What ARE Binary Options???
In finance, a binary option is a type of option where the payoff is either some fixed amount of some asset or nothing at all. The two main types of binary options are the cash-or-nothing binary option and the asset-or-nothing binary option. The cash-or-nothing binary option pays some fixed amount of cash if the option expires in-the-money while the asset-or-nothing pays the value of the underlying security. Thus, the options are binary in nature because there are only two possible outcomes. They are also called all-or-nothing options, digital options (more common in forex/interest rate markets), and Fixed Return Options (FROs) (on the American Stock Exchange). Binary options are usually European-style options.
For example, a purchase is made of a binary cash-or-nothing call option on XYZ Corp’s stock struck at $100 with a binary payoff of $1000. Then, if at the future maturity date, the stock is trading at or above $100, $1000 is received. If its stock is trading below $100, nothing is received.
What is “FOREX?”
The foreign exchange market (forex, FX, or currency market) is a global, worldwide decentralized financial market for trading currencies. Financial centers around the world function as anchors of trading between a wide range of different types of buyers and sellers around the clock, with the exception of weekends. The foreign exchange market determines the relative values of different currencies.
The primary purpose of the foreign exchange is to assist international trade and investment, by allowing businesses to convert one currency to another currency. For example, it permits a US business to import British goods and pay Pound Sterling, even though the business’ income is in US dollars. It also supports direct speculation in the value of currencies, and the carry trade, speculation on the change in interest rates in two currencies.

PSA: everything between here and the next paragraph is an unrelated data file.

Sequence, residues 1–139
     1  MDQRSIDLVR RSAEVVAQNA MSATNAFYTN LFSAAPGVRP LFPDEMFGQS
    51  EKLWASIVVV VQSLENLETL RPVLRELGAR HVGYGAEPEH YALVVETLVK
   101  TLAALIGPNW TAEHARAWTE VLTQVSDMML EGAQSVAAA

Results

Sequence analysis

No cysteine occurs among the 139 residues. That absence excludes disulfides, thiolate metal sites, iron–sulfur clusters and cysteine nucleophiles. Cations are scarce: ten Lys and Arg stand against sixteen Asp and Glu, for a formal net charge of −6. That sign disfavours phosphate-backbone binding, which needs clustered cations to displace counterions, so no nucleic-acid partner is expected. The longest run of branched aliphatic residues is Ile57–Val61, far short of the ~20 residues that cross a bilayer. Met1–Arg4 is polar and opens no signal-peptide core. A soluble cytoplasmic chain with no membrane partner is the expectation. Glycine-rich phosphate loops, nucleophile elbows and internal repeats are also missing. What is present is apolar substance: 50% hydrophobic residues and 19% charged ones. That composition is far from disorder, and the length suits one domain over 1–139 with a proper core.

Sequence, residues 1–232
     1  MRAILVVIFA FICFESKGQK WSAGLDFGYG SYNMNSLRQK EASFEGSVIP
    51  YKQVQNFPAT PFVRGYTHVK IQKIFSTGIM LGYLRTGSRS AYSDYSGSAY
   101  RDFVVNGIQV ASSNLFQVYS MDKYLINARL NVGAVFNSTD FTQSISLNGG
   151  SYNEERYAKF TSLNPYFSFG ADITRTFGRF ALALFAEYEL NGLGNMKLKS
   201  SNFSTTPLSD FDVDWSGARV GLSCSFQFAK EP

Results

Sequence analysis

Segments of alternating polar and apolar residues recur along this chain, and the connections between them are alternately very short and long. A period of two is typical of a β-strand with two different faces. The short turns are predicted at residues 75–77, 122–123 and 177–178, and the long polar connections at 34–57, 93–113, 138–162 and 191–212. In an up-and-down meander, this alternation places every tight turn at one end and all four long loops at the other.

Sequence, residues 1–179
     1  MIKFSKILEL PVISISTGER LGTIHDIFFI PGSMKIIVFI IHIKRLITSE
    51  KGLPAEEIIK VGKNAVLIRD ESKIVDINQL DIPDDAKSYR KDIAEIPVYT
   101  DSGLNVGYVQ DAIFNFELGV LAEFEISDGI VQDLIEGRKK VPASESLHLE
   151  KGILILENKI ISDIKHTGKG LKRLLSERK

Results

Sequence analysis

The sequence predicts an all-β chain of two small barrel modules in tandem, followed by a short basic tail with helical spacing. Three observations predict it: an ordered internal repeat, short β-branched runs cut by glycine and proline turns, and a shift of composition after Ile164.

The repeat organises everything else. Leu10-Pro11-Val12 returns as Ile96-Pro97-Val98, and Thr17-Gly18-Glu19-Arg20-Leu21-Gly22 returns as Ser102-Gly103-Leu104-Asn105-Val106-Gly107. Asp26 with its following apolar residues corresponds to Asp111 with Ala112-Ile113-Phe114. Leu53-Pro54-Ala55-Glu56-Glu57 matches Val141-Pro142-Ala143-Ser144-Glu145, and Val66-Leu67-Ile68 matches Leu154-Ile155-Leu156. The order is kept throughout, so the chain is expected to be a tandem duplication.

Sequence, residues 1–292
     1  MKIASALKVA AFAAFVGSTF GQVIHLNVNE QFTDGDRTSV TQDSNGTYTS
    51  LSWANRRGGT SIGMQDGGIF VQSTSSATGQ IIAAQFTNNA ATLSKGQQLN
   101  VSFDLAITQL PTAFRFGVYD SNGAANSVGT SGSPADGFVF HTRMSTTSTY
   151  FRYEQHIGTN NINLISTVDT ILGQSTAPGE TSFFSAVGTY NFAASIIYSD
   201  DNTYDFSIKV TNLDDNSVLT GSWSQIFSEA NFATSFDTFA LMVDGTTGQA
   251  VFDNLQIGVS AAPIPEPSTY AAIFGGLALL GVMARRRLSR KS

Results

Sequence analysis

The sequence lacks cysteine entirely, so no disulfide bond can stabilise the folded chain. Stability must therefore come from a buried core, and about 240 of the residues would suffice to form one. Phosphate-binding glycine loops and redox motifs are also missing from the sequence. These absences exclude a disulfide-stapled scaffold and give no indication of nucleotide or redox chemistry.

In a typical foreign exchange transaction, a party purchases a quantity of one currency by paying a quantity of another currency. The modern foreign exchange market began forming during the 1970s after three decades of government restrictions on foreign exchange transactions (the Bretton Woods system of monetary management established the rules for commercial and financial relations among the world’s major industrial states after World War II), when countries gradually switched to floating exchange rates from the previous exchange rate regime, which remained fixed as per the Bretton Woods system.
The foreign exchange market is unique because of
its huge trading volume representing the largest asset class in the world leading to high liquidity;
its geographical dispersion;
its continuous operation: 24 hours a day except weekends, i.e. trading from 20:15 GMT on Sunday until 22:00 GMT Friday;
the variety of factors that affect exchange rates;
the low margins of relative profit compared with other markets of fixed income; and
the use of leverage to enhance profit and loss margins and with respect to account size.
As such, it has been referred to as the market closest to the ideal of perfect competition, notwithstanding currency intervention by central banks. According to the Bank for International Settlements, as of April 2010, average daily turnover in global foreign exchange markets is estimated at $3.98 trillion, a growth of approximately 20% over the $3.21 trillion daily volume as of April 2007. Some firms specializing on foreign exchange market had put the average daily turnover in excess of US$4 trillion.
The $3.98 trillion break-down is as follows:
$1.490 trillion in spot transactions
$475 billion in outright forwards
$1.765 trillion in foreign exchange swaps
$43 billion Currency swaps
$207 billion in options and other products